“I’m training to be an aerospace / mechanical / biomedical (you get the gist) engineer. I’m pretty sure I can write.”
So, then I have to take the rest of the term to make the case that I’m sure they’re fine engineers with expertise in many areas, but writing ain’t one of ‘em. (Of course, I say it much more eloquently.) So, they can either train to writer better or buddy up to a tech writer in their firm.
Today, I came across a great example over email of why this interaction with technical writing or writers is so important. Here’s the email, in its entirety except for sign off (names have been changed to protect the guilty).
Yesterday afternoon, the facility in which OARnet’s point of presence (POP) is located experienced air conditioning failures on redundant systems causing some heat-related issues. OARnet provides network backbone service to the University of Nowhere, and their POP is what connects UN’s network to the rest of the Internet.
As a result, please be aware that there is now a potential for Internet outages throughout the day.
Once the air conditioning unit has been replaced and the facility has returned to a safe temperature, OARnet’s engineers will replace any suspect equipment. UN engineers will also be monitoring the university’s equipment located in the POP to minimize outages and to determine if hardware needs to be replaced. UN engineers will coordinate planned outages with OARnet engineers to the extent possible.
We apologize for any inconvenience this may cause and ask for your patience as we work to remedy this issue.
So, for those who are not technical writers, I thought I would break down how we would approach something like this if an engineer sent it our way.
What’s the purpose?
Why am I receiving this communication? Well, from what I can gather, it’s to inform me that I may experience Internet outages today. Why is that the second paragraph of the email? Purpose needs to be clear in the beginning—especially in email. I don’t want to have to read more than the minimum to process and understand the information. I’m a reader, and I’m lazy. Writers need to write for that. Why?
Because who is your audience anyway?
Let’s face it. The majority of this email’s audience could care less about OARnet, POP or the facilities. It may be sad, but it’s true. Understanding your audience is absolutely key when working with technical content. This particular email went to all faculty, staff and students. I guarantee Joe Smith in Anthropology or Susie Student isn’t going to spend time trying to figure out what the heck is going on in the first paragraph with oars and pops. They might not even make it to the second paragraph where the real meat is. It’s safe to make the call here that the average reader of this text will not be inconvenienced if those details are simplified or left out altogether.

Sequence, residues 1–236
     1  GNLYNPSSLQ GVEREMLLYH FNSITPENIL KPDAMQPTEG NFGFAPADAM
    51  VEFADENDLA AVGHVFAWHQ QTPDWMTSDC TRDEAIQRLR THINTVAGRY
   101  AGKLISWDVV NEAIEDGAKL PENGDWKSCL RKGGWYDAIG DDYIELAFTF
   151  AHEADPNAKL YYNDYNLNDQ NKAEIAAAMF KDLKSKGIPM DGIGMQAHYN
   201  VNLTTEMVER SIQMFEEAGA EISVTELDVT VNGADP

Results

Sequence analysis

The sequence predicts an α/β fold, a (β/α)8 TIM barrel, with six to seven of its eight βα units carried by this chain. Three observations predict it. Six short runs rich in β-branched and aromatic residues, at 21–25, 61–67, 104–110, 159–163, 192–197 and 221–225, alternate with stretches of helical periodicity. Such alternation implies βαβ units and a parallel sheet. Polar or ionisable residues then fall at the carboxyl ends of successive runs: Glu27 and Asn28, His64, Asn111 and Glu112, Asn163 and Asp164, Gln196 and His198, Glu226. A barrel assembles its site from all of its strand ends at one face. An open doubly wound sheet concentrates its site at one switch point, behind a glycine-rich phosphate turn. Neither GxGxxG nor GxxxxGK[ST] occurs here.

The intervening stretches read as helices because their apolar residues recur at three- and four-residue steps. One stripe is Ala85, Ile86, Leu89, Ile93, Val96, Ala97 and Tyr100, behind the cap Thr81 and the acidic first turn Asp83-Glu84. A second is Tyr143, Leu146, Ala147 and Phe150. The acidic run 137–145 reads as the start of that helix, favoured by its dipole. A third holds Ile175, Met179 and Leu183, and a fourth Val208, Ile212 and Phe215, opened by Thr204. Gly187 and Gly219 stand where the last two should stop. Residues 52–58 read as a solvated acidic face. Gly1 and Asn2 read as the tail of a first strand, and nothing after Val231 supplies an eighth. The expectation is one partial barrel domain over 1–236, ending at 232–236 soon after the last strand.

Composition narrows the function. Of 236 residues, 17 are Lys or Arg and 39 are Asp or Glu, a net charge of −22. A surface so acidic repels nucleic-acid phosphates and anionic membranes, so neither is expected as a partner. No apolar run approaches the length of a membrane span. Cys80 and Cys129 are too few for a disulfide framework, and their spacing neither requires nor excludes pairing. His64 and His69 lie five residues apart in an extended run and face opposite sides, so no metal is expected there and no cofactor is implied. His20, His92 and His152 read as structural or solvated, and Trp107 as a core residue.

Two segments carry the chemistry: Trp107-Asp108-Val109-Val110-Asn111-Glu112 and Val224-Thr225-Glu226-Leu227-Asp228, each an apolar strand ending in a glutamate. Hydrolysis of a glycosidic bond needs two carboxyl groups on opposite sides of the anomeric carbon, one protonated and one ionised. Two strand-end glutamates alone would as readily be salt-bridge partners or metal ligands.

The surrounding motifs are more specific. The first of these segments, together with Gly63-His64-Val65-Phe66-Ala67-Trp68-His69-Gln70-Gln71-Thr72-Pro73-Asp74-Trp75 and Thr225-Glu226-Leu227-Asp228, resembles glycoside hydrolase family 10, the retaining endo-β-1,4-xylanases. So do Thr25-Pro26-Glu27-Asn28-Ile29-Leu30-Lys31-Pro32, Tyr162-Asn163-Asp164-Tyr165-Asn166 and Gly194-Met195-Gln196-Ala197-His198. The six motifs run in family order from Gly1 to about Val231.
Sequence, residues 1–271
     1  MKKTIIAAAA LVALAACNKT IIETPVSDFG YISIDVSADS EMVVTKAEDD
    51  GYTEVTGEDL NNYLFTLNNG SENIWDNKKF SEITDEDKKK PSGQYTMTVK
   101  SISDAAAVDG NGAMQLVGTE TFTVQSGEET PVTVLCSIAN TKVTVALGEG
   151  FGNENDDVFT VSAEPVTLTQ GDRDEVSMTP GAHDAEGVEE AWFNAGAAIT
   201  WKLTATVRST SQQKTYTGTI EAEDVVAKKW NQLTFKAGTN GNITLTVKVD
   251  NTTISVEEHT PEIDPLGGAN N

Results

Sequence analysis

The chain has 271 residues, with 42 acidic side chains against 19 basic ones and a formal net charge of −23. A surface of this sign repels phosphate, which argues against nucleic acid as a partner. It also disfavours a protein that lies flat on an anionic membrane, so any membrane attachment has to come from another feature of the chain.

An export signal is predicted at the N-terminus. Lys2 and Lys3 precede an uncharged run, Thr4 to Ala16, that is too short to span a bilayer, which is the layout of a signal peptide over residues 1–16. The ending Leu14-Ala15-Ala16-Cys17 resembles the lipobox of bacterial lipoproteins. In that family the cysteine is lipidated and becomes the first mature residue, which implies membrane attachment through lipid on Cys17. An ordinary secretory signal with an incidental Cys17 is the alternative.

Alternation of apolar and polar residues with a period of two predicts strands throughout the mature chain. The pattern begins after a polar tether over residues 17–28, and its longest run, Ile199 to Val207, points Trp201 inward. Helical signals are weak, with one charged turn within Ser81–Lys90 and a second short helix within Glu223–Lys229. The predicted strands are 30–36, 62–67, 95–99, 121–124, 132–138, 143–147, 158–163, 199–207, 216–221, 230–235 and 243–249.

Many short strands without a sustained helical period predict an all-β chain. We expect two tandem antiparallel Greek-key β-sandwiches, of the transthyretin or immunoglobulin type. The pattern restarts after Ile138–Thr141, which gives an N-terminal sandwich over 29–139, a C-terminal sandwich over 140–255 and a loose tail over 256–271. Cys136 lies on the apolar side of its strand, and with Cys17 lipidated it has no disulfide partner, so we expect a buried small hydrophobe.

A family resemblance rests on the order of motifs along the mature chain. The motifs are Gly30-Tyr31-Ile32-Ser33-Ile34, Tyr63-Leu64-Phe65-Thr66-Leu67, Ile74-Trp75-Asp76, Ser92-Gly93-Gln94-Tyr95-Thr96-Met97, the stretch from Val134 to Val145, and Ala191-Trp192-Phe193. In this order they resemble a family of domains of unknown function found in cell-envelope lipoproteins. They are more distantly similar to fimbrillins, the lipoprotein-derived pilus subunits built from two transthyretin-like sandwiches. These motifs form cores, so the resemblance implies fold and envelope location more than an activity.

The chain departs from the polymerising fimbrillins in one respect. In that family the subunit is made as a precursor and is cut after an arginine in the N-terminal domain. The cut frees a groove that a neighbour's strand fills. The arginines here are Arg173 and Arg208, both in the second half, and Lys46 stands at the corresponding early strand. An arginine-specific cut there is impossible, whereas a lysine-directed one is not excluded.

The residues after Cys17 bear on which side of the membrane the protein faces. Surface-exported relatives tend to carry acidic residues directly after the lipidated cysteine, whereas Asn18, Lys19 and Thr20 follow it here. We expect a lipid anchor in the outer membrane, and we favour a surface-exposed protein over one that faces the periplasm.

So how would I write it?
Here’s my revision (I’m happy to take comments with additional revisions…love collaborative writing!):
Throughout the day, you may experience temporary Internet outages due to overheating of some connection-related equipment.
The University of Nowhere is part of a larger consortium that uses the Ohio Academic Resources Network (OARnet) service. This service provides the fiberoptic backbone that connects UN to the rest of the Internet.
Yesterday OARnet’s facility experienced an air conditioning failure causing some heat-related issues to some equipment. Once the air conditioning unit has been replaced and the facility has returned to a safe temperature, OARnet’s engineers will replace any necessary hardware. UN engineers will also monitor the university’s equipment to minimize outages and determine any necessary replacements. UN and OARnet engineers will work to coordinate any required outages.
We apologize for any inconvenience this may cause. Thank you for your patience as we work to resolve this issue.
This revision is not meant as a knock on the writer’s expertise. While the IT expert who wrote this original email was obviously quite familiar with the equipment and process, the readers were not. It’s an example of why collaboration between technical writer and subject matter expert are so important. It’s a testament to why technical writing courses should be requirements for any engineering, scientific or computer-related major.
Taking a technical writing course can help those technically-minded future engineers, technicians, medical professionals, etc. translate their message into an effective communication for non-expert readers. And, they can train writers to take murky, overly-complicated content and turn it into something understandable. The ability to translate and deliver knowledge is critical to any successful career.
So, engineers and writers shake hands and become friends. Close ones.